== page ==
Mammals How to Find Water - Mammals Nearly all mammals require water at regular intervals to keep themselves alive. Even the flesh eaters must drink, but animals can travel long distances between drinks, and therefore, unless there is a regular trail you cannot be confident of finding water where you see animals' trails. This is a general rule.
However, certain animals never travel far from water. For example, a fresh track of a wild pig is one sign that there is water in the vicinity,
How To Find Water From Vegetable Sources How to Find Water - Finding Water - Wilderness Survival - Water From Plants
The roots and branches of many trees contain sufficient free-flowing fluid to relieve thirst, and this can be collected by breaking into 3 ft. lengths the roots or branches and standing these in a trough (of bark) into which the collected fluid will drain to the pannikin. In some plants the amount of water stored is truly unbelievable, the fluid literally gushing out when the plant is cut.
How to Find Water - Finding Water - Wilderness Survival - Collection of Water From Plants These vegetable "drinking waters" cannot be kept for more than twenty-four hours. The fluid starts to ferment or go bad if stored, and might be dangerous to drink if in this condition.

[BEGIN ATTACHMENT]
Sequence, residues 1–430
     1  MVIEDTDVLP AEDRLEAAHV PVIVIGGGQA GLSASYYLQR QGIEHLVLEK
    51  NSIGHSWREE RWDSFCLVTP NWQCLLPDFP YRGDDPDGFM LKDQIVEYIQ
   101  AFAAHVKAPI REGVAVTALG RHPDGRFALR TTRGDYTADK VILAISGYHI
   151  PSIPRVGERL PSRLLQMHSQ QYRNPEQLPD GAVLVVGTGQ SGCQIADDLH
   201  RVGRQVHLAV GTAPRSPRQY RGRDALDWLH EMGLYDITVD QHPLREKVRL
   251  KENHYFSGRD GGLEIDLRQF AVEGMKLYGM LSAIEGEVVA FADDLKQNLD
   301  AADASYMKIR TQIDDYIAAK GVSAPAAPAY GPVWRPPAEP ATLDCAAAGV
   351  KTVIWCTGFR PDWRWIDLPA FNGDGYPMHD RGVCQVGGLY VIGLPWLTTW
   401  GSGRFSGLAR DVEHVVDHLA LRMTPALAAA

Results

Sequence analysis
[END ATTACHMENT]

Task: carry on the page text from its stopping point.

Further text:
The nature of the plant, if judged by the properties of its foliage, is no guide to the drinkability of the fluids which are its sap.
Eucalypts (Gum Trees) How to Find Water - Wild Pigeons For example, the eucalypts, whose leaves are heavily impregnated with oils of eucalyptus, and in many cases poisonous to human beings, contain a drinkable fluid, easily collected (from the branches or roots). This fluid is entirely free from the essential oils and with no taint of the eucalyptus.
Vines (Lianas, or Monkey Ropes) How to Find Water - Wild Pigeons The lianas or monkey ropes found in tropical areas are an example of a prolific source of water.